Set in the 1960s, the show follows Endeavour Morse in his early years as a police constable. Working alongside his senior partner DI Fred Thursday, Morse engages in a number of investigations around Oxford.
With the help of DS John Bacchus, Inspector George Gently spends his days bringing to justice members of the criminal underworld who are unfortunate enough to have the intrepid investigator assigned to their cases.
As WW2 rages around the world, DCS Foyle fights his own war on the home-front as he investigates crimes on the south coast of England. Later series sees the retired detective working as an MI5 agent operating in the aftermath of the war.
Series 1 follows the early police career of young Endeavour Morse, who upon leaving his Oxford College without a degree, spending time in the Royal Signal Corps., and eventually joining the Oxfordshire Police, is transferred to CID, attaining the rank of Detective Constable. Originally starting out his career at Carshall-Newtown Police, Morse transfers to the Oxford City Police in 1965 following a murder investigation during the pilot episode. While with the Oxford City Police, Morse is taken under the wing of veteran Detective Inspector Fred Thursday. Inspector Thursday names Morse his designated "bag man" and shows him the ropes as Morse begins to solve a string of complex murders, much to the envy and annoyance of some of his superiors, particularly Detective Sergeant Jakes and Chief Superintendent Bright. Thursday and Morse's fellow officer, Police Constable Strange, try to steer the young Endeavour into taking his Sergeant's exam, so that he may be relieved of "General Duties" ...Written by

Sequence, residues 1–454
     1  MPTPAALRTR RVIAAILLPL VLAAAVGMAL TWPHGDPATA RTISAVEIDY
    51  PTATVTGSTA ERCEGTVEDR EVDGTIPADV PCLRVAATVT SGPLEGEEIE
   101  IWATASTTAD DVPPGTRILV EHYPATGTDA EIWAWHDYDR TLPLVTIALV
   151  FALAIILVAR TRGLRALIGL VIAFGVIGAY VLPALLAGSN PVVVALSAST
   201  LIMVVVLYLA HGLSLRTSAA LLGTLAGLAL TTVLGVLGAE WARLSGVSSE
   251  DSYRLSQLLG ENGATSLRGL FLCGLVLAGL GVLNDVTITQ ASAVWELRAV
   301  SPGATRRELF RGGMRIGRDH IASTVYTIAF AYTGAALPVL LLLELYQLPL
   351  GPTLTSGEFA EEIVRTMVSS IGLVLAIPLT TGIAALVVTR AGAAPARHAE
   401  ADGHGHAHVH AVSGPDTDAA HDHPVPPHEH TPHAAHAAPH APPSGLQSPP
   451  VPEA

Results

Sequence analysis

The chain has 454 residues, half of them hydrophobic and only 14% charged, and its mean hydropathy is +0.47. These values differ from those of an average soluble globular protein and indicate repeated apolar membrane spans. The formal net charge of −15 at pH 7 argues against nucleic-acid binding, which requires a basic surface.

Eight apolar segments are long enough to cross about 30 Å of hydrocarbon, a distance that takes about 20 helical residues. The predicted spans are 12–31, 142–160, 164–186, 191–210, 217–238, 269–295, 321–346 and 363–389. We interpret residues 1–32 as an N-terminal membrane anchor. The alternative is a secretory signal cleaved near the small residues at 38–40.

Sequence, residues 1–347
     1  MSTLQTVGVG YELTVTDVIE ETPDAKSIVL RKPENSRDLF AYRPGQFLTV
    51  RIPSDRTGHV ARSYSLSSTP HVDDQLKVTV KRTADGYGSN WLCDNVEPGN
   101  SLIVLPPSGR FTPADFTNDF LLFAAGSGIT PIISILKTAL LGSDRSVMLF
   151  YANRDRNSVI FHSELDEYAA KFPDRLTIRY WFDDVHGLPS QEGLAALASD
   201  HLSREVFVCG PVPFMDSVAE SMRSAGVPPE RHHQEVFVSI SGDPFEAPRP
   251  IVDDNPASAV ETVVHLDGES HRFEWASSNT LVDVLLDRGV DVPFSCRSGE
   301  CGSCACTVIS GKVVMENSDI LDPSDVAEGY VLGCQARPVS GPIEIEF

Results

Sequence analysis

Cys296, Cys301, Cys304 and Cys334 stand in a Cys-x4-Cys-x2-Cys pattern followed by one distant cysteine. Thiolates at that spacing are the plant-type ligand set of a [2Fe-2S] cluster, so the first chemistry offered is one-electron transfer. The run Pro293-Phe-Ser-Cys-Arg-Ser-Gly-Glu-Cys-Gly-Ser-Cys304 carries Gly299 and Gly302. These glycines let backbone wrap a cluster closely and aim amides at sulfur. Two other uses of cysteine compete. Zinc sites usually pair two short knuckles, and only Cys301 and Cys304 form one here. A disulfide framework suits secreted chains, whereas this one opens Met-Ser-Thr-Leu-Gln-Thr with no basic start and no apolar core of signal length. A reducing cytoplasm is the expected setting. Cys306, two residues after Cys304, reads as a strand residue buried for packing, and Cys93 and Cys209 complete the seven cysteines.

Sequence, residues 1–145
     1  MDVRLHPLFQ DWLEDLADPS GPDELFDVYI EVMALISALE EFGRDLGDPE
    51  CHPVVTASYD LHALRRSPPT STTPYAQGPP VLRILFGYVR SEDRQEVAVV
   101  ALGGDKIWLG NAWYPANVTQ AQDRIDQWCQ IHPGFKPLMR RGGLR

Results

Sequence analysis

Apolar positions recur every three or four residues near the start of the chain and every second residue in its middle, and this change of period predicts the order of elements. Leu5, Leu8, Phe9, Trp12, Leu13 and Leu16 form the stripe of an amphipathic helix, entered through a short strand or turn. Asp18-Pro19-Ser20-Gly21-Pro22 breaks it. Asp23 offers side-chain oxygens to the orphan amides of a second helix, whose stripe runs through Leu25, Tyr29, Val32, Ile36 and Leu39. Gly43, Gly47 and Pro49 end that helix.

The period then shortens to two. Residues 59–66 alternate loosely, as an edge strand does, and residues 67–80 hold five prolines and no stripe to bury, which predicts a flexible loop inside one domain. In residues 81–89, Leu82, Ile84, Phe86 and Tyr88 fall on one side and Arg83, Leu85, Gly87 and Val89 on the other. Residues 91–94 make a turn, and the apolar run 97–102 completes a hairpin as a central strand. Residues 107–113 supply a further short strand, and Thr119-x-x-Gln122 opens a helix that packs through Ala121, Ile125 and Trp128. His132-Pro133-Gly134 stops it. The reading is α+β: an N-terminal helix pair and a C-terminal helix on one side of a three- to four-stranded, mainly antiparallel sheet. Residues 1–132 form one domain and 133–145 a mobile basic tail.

The father of DS James Hathaway from Inspector Lewis is introduced as a character in Season 3 Episode 3 "Prey" as a young man. He is shown as a hand working on the estate and interacts with a young Inspector Morse and Detective Inspector Thursday. The elderly Philip Hathaway is introduced in Season 9 of Inspector Lewis suffering from dimentia and unable to remember his son. See more »
Fantastic and surprising in the good sense, despite my initial doubts as a Morse's fan
I deeply love Morse's series, and I deeply love Lewis sequel, each in its own different way. They are two extraordinary detective shows, which I strongly recommend.
So I gave Endeavour a try, both with curiosity and with fear that the experience would ruin my memories of the two shows I liked so much.
Also, Shaun Evans is physically very different from John Thaw, so this made me cringe even before the start.
Having said this, I fell for it from the very first episode.
I was surprised to find out that Shaun Evans is a terrific actor, who plays an entirely credible Morse, if not physically, in a seamless psychological continuity which makes you feel the smooth way in which this young Morse would become the older Morse 20 years later, the incipient causticity, the noticeable anger, the budding low-key self-confidence--- This is very skillfully done in the prequel.
Both Thaw and Evans play the magic of giving a sexy twist to an unsexy character, without flashing the sexy card or even circumventing all attempts to look hot.
Allum plays a marvelous D.C. Thursday and the interaction between them, mentor-pupil, is instrumental to explain how this young Morse ends up being that later Morse.
The 60's atmosphere is a plus in the show, very well portrayed and recreated. I'd say that the linking common trait between Morse, Endeavour and Lewis is, yes, their tremendous atmospheric virtue which sets you right on «in that particular place in that particular time».
If you like detective stories, you will not be disappointed at all, and even if you are not a Morse or Lewis fan, you will find this show entertaining, alluring and deeply satisfactory by its own right.
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